Aggies haven’t quit on gridiron

November 16, 2016 GMT

I don’t think anyone is going to disagree with me when I say Utah State has some serious deficiencies on the gridiron.

The Aggies have been wildly inconsistent on both sides of the football this season and have had a difficult time accounting for injuries to key players. Quite frankly, I don’t feel USU has as much depth and star power as it did a couple of years ago.

More importantly, this team hasn’t figured out how to bury an opponent when the opportunity presents itself. The Aggies have blown two-touchdown advantages in the second half against Mountain West foes Colorado State and New Mexico this season.


The Aggies haven’t figured out how to win games week in and week out — something they excelled at during their final two seasons in the Western Athletic Conference and first two seasons in the Mountain West. It’s not easy to win college football games, but let’s face it, the 2016 campaign has been a major disappointment for Utah State.

What the Aggies (3-7, 1-6 MW) haven’t done, though, is give up on the season, otherwise they wouldn’t have held New Mexico to more than 100 rushing yards and 14 points under its season averages. Had the Aggies packed it in prior to last Saturday’s home finale, there’s no way they would have marched more than 50 yards in less than one minute to put themselves in a position to either win the game or force overtime.

Likewise, a lot of teams would have completely tanked it after an abysmal first half performance on the road, but that’s not what Utah State did after trailing Wyoming 35-7 at the break two Saturdays ago. Twenty-one straight Aggie points in the third quarter attested to that.

That is the one encouraging thing USU fans can take heading into Saturday’s Mountain West finale at Nevada.

“To fight and to see the resiliency in those players and not be able to come out with the win in the end (against UNM) was tough,” USU head coach Matt Wells said during Monday’s press conference. “But as the days go by and the weeks go by, this is a team that I have really grown to respect more and more. To see the way they persevere, to see their resiliency, from the texts that I get late at night — 1:30 in the morning — to (Sunday) the players that were in the office, they just keep coming back, they keep fighting and they believe in the process and believe in this program. I am more convinced than I’ve ever been that we’re doing it right and that these kids are continuing to fight, and for that I’m encouraged.


“It doesn’t take away the hurt and it doesn’t take away the sting because there is so much invested. The more and more that we all invest, the more it does hurt, but the thrill of victory tastes that much sweeter too.”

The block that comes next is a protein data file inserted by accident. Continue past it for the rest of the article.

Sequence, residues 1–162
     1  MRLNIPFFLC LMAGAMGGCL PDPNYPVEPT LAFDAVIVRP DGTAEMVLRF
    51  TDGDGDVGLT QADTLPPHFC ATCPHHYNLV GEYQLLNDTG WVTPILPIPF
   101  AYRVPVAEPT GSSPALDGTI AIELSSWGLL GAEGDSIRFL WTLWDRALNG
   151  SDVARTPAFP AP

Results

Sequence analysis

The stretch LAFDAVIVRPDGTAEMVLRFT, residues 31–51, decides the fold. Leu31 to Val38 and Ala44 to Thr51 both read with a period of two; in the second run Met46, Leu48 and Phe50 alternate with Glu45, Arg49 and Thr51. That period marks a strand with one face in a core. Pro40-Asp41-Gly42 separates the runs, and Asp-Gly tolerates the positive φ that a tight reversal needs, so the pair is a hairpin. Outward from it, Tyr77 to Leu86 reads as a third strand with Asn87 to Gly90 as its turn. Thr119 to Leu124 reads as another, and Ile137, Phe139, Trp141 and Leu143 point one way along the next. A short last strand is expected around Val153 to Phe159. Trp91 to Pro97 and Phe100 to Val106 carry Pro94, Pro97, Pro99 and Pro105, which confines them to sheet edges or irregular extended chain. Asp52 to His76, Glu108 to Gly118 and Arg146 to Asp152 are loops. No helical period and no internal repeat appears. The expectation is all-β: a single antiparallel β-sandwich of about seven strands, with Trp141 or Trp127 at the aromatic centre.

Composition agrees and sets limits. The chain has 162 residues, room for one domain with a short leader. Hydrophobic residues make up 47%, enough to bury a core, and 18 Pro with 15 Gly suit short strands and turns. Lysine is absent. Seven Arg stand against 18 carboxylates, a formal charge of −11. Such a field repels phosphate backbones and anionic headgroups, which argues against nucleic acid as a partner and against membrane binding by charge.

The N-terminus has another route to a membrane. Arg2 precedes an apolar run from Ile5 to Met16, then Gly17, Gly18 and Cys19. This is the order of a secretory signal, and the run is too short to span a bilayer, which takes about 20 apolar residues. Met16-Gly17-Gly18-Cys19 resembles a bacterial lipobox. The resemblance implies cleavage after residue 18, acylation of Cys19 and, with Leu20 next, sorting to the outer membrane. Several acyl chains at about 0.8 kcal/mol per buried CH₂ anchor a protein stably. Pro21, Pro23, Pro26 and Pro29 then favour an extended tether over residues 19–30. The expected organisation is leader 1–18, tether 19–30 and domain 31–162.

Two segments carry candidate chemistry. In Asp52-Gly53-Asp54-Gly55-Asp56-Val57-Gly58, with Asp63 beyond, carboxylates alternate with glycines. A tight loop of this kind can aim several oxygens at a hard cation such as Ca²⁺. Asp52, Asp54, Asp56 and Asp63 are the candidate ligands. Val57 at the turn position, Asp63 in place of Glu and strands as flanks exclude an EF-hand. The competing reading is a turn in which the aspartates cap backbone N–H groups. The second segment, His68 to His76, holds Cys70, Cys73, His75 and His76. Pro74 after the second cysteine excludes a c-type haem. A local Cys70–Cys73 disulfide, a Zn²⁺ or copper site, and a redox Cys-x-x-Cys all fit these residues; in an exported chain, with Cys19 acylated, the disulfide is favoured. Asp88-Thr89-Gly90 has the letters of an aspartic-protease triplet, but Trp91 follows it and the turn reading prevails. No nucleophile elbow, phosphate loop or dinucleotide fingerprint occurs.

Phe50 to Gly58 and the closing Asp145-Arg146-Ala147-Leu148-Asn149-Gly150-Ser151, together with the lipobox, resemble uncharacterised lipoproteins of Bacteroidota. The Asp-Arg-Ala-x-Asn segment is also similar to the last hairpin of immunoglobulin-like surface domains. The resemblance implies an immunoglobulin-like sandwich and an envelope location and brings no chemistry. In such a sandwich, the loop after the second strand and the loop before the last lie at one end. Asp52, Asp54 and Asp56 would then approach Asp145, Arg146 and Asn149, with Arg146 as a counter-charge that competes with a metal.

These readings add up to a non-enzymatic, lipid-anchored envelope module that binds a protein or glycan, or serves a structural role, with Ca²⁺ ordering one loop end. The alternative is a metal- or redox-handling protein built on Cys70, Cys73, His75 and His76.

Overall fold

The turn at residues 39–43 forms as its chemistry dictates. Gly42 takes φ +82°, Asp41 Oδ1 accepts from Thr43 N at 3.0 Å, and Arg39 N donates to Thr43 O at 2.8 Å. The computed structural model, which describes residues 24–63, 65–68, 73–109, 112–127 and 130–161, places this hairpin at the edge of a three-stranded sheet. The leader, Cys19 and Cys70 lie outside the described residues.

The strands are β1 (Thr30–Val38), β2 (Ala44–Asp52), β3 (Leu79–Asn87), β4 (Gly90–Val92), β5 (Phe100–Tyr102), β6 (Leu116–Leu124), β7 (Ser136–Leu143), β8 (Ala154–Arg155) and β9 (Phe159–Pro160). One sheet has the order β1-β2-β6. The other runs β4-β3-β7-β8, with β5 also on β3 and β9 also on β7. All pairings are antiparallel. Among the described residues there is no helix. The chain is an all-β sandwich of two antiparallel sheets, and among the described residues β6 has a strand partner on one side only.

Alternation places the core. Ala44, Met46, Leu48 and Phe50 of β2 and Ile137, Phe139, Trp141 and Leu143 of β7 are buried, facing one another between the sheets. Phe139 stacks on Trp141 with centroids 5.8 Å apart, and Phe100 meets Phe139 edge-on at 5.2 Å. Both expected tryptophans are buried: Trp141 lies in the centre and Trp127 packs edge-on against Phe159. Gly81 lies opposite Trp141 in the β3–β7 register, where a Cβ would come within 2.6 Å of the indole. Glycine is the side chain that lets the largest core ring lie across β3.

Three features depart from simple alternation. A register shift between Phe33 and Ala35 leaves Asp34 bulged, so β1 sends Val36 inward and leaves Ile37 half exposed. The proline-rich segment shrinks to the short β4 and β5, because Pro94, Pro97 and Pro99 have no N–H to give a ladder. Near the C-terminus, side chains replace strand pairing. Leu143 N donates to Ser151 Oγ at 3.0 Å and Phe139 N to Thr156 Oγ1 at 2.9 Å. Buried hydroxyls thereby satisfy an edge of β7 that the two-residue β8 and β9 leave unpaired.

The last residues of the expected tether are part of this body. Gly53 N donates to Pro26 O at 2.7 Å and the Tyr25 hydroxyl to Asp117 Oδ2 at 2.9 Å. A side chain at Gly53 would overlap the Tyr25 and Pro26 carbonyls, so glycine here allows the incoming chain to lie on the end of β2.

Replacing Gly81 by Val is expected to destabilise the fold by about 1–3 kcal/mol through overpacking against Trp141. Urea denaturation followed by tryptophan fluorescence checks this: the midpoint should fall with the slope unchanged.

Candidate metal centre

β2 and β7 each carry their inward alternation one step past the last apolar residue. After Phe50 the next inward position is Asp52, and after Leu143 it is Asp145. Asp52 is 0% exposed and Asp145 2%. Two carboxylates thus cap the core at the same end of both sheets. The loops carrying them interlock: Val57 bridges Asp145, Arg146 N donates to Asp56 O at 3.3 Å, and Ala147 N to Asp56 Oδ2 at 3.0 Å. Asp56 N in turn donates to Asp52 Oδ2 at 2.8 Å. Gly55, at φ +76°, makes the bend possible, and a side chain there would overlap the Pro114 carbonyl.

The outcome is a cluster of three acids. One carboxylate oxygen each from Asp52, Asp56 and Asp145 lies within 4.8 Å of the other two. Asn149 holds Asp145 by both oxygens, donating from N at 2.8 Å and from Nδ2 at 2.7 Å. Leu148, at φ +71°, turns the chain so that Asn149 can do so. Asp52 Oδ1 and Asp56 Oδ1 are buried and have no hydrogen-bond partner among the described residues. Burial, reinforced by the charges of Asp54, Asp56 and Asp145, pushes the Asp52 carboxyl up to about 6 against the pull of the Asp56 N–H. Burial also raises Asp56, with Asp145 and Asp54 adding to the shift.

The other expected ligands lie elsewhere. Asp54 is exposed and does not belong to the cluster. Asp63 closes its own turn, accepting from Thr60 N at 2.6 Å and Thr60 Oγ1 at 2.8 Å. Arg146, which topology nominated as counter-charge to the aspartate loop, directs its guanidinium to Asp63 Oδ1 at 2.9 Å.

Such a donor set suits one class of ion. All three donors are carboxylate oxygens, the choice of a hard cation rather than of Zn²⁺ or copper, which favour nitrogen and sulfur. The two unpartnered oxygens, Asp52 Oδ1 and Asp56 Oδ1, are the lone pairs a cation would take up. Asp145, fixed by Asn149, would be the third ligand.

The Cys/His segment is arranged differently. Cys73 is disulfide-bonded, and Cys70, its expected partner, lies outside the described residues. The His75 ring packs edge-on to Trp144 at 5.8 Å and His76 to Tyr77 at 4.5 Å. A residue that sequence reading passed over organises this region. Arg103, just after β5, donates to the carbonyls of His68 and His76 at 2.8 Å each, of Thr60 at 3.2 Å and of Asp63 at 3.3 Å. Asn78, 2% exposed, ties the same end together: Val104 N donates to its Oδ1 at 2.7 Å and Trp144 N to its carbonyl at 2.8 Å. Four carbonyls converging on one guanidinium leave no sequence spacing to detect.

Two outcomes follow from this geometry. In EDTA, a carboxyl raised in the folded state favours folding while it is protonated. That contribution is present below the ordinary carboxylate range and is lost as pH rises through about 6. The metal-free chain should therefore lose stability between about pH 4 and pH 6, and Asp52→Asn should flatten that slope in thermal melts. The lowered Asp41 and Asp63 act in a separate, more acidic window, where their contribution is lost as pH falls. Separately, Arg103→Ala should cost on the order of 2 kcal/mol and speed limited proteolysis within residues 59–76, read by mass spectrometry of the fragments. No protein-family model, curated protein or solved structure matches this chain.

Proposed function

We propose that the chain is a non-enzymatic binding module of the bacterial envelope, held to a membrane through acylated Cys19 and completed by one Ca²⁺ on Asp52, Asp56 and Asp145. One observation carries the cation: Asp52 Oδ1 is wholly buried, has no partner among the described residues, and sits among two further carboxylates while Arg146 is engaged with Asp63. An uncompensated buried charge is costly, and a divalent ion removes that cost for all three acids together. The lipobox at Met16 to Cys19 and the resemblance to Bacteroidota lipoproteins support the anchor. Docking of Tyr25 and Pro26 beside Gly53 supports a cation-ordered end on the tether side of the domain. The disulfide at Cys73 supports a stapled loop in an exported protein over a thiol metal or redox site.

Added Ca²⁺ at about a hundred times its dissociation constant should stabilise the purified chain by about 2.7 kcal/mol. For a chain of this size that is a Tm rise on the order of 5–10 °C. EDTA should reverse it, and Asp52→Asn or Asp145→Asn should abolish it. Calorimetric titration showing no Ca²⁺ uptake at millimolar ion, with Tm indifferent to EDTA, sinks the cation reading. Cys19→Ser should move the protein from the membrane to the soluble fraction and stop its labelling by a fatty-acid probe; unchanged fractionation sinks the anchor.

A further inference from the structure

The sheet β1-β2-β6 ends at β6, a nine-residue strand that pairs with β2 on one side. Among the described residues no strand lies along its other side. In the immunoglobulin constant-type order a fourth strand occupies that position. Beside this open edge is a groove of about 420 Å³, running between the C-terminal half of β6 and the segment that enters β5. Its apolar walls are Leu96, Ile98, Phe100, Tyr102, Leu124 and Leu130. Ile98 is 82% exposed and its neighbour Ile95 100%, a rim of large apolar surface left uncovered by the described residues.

Aggie fans can take some solace that their team hasn’t responded to adversity the same way as, say, Hawaii. The Warriors were edged at home by New Mexico, 28-21, on Oct. 29 — a game they probably needed to win to secure bowl eligibility.

What has been Hawaii’s response to that setback? Back-to-back beatdowns at the hands of San Diego State and Boise State. Granted, those are two very good football teams, but the Warriors weren’t even remotely competitive in either game, and they were shut out by SDSU (55-0).

Things didn’t get any better for Hawaii at home against Boise State. In fact, head coach Nick Rolovich was so disgusted by his team’s performance he had members of his staff take away the benches from the sideline, so his players couldn’t sit down. The Warriors, who had won three of their previous four contests before playing the Lobos, trailed 42-3 early in the third quarter at the time.

Don’t get me wrong, I’m not saying USU fans shouldn’t be very frustrated with how this season has transpired. However, I do believe the Aggies will at least try to win their final two games.

If either of the final two tilts comes down to the wire, though, USU better figure out how to manage the clock. That was the most disappointing thing about the loss to New Mexico. In fact, the way the game ended was frankly embarrassing.

First of all, I’m not sure why the Aggies took their final timeout following the unfortunate offensive pass interference call on wide receiver Ron’quavion Tarver with 16 ticks left on the clock. They sure could have used it to set up a field goal attempt.

Regardless, USU had enough time to race to the line of scrimmage and spike the ball following quarterback Kent Myers’ 9-yard run to the UNM 25-yard line. I was watching the clock closely when Myers slid to the turf on Merlin Olsen Field, and there were still nine seconds remaining. Instead, the Aggies elected to rush their field goal unit onto the field, and they didn’t even get the kick off in time.

What I saw was mass confusion at the end of the game. Somebody on the Aggie sideline should have been aware there was enough time for the offense to line up and spike the ball. I just don’t understand how USU’s clock management could have been so poor.

Lastly, I feel for Tarver, who I believe has been USU’s most pleasant surprise this season. In my opinion, the sophomore has flat out been robbed by the officials twice in 2016. Aggie fans surely remember his 34-yard TD reception against Air Force that wasn’t ruled a catch.

Tarver should have 44 catches for 592 yards and five TDs this season. I sincerely hope those two blown calls won’t prevent No. 19 from garnering some kind of all-conference recognition. Believe me, two fewer TD catches can make the difference.